The people’s pub: locals plan to buy the Ivy House pub in Nunhead

Posted at 2:00 pm, January 21, 2013 in News
The Ivy House

Want to buy a pub? If you don’t mind sharing it with a few of your neighbours then take a look at the Ivy House pub in Nunhead, where local residents have clubbed together to try and save their local boozer, the Ivy House, a classic 1930s building, that was recently listed by English Heritage. The pub closed in April 2012, but now it could the first venue nationally to be protected as a community asset after being nominated by local residents to Southwark council under the new Localism Act.

The pub boasts many original features such as a curved bar and timber panelled walls and it played host to a wealth of musicians before they became famous including Ian Dury, Elvis Costello, Joe Strummer and Dr Feelgood. Local residents say it has played a pivotal role in the community’s life. But its continued success came to an abrupt end in April 2012 when the owners, Enterprise Inns, announced its closure and imminent sale to a developer.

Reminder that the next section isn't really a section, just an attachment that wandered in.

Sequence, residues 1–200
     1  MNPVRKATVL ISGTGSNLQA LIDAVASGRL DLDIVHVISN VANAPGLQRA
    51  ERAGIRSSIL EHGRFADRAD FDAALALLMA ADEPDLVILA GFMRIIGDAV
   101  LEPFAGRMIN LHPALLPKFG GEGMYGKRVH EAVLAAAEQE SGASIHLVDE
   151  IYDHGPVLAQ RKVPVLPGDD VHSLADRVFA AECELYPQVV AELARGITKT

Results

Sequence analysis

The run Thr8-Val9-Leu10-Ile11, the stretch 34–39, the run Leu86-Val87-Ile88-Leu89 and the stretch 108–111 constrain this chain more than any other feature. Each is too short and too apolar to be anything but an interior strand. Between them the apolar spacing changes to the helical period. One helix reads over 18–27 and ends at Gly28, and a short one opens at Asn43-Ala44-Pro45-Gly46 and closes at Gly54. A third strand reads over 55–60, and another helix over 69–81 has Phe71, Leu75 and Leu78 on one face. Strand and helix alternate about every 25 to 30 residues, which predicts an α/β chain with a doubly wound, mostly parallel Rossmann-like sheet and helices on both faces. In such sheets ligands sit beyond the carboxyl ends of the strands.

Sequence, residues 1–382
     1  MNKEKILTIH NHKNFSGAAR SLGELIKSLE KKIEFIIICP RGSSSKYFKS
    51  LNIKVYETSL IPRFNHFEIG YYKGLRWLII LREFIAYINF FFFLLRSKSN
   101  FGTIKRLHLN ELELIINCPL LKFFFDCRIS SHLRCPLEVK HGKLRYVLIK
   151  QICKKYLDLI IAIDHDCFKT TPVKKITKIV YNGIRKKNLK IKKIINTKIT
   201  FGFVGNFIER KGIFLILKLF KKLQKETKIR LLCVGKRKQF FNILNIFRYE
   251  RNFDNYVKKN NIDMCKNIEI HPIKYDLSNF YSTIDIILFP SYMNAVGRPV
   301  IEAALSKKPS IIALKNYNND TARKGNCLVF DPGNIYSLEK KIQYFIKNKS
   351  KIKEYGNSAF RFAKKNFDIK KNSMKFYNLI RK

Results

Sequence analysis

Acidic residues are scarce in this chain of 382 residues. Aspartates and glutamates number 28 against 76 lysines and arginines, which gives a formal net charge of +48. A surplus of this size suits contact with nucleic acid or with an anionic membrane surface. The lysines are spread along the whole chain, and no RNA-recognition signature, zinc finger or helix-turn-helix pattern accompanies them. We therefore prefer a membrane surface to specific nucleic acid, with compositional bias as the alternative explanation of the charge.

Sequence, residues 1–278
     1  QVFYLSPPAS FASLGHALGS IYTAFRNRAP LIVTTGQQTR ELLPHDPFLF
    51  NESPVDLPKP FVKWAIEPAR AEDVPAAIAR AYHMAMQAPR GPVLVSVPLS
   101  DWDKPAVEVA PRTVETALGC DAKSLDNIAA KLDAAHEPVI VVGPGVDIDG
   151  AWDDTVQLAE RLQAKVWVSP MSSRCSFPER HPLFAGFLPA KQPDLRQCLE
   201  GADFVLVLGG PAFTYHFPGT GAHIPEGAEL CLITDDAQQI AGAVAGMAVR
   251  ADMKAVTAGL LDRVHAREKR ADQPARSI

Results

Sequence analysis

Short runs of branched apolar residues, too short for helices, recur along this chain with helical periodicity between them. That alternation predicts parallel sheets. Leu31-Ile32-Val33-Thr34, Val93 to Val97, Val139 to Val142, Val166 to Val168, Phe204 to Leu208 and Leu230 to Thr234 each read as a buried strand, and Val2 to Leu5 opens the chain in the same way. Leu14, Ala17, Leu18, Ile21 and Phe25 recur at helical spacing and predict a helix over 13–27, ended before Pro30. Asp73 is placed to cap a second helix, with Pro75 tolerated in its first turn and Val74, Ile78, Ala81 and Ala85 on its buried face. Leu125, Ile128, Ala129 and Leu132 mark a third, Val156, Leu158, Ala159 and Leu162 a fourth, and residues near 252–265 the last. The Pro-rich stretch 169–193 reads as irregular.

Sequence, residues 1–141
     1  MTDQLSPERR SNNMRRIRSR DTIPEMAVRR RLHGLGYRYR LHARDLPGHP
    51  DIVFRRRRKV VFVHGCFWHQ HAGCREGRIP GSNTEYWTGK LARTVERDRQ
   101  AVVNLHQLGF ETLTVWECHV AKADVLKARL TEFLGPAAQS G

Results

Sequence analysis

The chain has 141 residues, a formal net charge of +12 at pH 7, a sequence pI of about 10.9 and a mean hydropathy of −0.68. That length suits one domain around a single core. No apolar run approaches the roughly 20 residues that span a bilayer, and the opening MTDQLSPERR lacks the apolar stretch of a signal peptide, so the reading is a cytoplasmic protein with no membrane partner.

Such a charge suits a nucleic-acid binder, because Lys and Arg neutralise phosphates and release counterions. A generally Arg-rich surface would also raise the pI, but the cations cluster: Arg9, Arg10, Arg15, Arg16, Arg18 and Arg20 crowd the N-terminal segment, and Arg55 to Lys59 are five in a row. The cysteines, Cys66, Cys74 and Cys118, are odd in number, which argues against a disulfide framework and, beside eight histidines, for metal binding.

Locals immediately clubbed together to get the building listed and the sale fell through. The residents then got the place listed as an ‘asset of community value’ (the first place in the country to utilise the new Localism Act, whereby local groups can nominate buildings for listing in a register of assets of community value, held by the council. Buildings that are successfully listed cannot be sold without first giving local groups the right to bid for them, in order to use them for community benefit).

There is now a moratorium on the selling of the pub until the end of April, unless the buyer is The Ivy House Pub and Hub Community Interest Company – the community organisation. The local group has recently been offered a £500,000 loan from the Architectural Heritage Fund to go towards buying the pub and a further decision on funding is pending from the Social Investment Business Group. A decision is expected in a couple of weeks. The two amounts combined should be enough for the community to buy their pub!

Plans for the venue by the group range from using it as a music recording space, entertainment venue, community meeting space and studio room for artists and musicians. So there you go, a tale of good neighbours, intelligent local government, and a (hopefully) happy ending! Rebecca Taylor

For info, see ivyhousenunhead.com.

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